Critical Veterinary Patient? Don’t Forget Kirby’s Rule of 20
by Amy Newfield, CVT, VTS (ECC), Technician CE Coordinator, VETgirl.
Rebecca Kirby, DVM, DACVIM, DACVECC is a pioneer in veterinary medicine and many years wrote “Kirby’s Rule of 20”. The list was meant to serve as a reminder for the veterinary team to check off 20 very important items in critical patients at least once a day. Critical patients can change their state very quickly. The success of these patients often lies in noticing details, not forgetting the obvious and excellent nursing and medical care by the entire veterinary team. Years since it was first published this list continues to serve as a reminder to everyone to never overlook these 20 important things in your sick patient.
1) Fluid balance/Colloidal Osmotic Pressure: How hydrated is your patient? Check the mucous membrane, skin turgor and body weight. Watch for evidence of edema or effusion. Be sure to note losses of fluids (vomit, blood, diarrhea) so that fluid adjustments can be made to keep up with the patient.
2) Oxygenation/ventilation: Even if your patient didn’t present with respiratory distress it is important to remember that critical patients are at risk for aspiration pneumonia and changes in their respiratory function. Ausculting lungs, monitoring respiratory rate and effort and pulse oximetry is important in critical patients.
3) Blood pressure: Check how your patient’s pulses feel and check your patient’s blood pressure. Remember that how pulses feel does not always correlate with blood pressure. Monitor capillary refill time (CRT).
4) Heart rate, rhythm and contractility: Listen to the heart with the stethoscope. Don’t just rely on feeling pulses. Perform a spot-check ECG to truly get an assessment of what the heart is doing. It takes just a few minutes to perform and tells you a lot about the heart.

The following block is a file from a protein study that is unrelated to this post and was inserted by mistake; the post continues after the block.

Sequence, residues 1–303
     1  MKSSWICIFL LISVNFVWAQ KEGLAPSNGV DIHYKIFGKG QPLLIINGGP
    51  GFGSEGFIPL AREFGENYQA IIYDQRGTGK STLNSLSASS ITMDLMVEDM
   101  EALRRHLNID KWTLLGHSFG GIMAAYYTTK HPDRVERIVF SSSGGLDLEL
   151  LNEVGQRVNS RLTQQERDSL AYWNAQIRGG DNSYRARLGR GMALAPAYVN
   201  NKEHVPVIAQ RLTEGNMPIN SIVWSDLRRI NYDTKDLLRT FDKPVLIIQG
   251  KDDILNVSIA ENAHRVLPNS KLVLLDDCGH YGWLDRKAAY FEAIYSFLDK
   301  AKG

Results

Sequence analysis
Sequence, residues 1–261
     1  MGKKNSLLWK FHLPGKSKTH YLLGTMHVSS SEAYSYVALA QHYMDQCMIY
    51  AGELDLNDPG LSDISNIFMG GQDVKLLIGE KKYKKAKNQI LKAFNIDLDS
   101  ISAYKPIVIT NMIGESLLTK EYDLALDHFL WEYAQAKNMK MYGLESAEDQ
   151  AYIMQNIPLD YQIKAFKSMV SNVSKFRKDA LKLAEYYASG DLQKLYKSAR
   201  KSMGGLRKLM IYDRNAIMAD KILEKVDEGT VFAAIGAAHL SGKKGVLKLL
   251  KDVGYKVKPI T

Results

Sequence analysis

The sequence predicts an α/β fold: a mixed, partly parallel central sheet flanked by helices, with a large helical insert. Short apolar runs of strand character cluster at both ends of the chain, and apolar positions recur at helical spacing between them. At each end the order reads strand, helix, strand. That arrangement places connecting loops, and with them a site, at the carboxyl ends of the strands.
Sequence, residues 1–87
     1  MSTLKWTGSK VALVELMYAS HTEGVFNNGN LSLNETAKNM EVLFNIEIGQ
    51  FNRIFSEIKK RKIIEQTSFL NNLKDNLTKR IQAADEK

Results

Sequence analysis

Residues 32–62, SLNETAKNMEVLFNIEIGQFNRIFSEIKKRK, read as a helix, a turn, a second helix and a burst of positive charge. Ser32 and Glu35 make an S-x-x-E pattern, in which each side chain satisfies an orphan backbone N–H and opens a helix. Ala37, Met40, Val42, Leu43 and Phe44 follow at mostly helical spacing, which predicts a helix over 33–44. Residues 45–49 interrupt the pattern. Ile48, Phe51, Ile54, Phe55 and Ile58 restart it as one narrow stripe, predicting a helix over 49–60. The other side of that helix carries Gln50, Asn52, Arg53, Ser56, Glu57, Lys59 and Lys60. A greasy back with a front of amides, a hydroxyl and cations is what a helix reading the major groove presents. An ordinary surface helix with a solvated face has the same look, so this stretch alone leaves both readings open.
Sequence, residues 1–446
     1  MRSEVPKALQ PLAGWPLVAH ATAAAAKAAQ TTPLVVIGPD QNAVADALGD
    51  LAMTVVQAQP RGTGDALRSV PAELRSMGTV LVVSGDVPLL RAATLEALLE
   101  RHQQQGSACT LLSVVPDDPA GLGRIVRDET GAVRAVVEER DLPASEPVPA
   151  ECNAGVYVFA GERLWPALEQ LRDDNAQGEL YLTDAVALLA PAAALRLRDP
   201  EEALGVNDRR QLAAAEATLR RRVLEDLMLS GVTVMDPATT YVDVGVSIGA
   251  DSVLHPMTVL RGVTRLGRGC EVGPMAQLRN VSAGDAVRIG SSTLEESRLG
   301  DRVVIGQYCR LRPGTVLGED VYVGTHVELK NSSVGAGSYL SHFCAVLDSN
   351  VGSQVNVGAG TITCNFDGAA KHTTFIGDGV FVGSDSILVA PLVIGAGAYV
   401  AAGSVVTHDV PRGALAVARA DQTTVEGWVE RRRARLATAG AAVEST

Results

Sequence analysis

5) Glucose/blood sugar: Patients should maintain glucose levels between 80 and 120 mg/dL. At least once a day critical patients should have their blood glucose levels checked. Critical patients may not be able to regulate their blood glucose levels normally.
6) Temperature: Be sure to take your patient’s temperature throughout the day.
7) Albumin: Albumin is the number one plasma protein and is responsible for colloid osmotic pressure (COP). Critical patients may experience a decrease in albumin. If there is presence of effusion or edema then a low albumin may be suspected.
8) Electrolyte/acid-base balance: Potassium is the most common electrolyte to suffer an imbalance during a disease/injury process. Critical patients can also suffer acid/base abnormalities due to the disease or injury they are suffering. At least once a day critical patients should have these values checked. By the time symptoms are present it may be too late. Catching changes early is key.
9) Mentation/attitude: Monitoring changes in your patient’s mentation is important. A declining level of consciousness is a poor prognostic indicator. Your patient’s mentation and attitude should always improve. Any decline should investigated.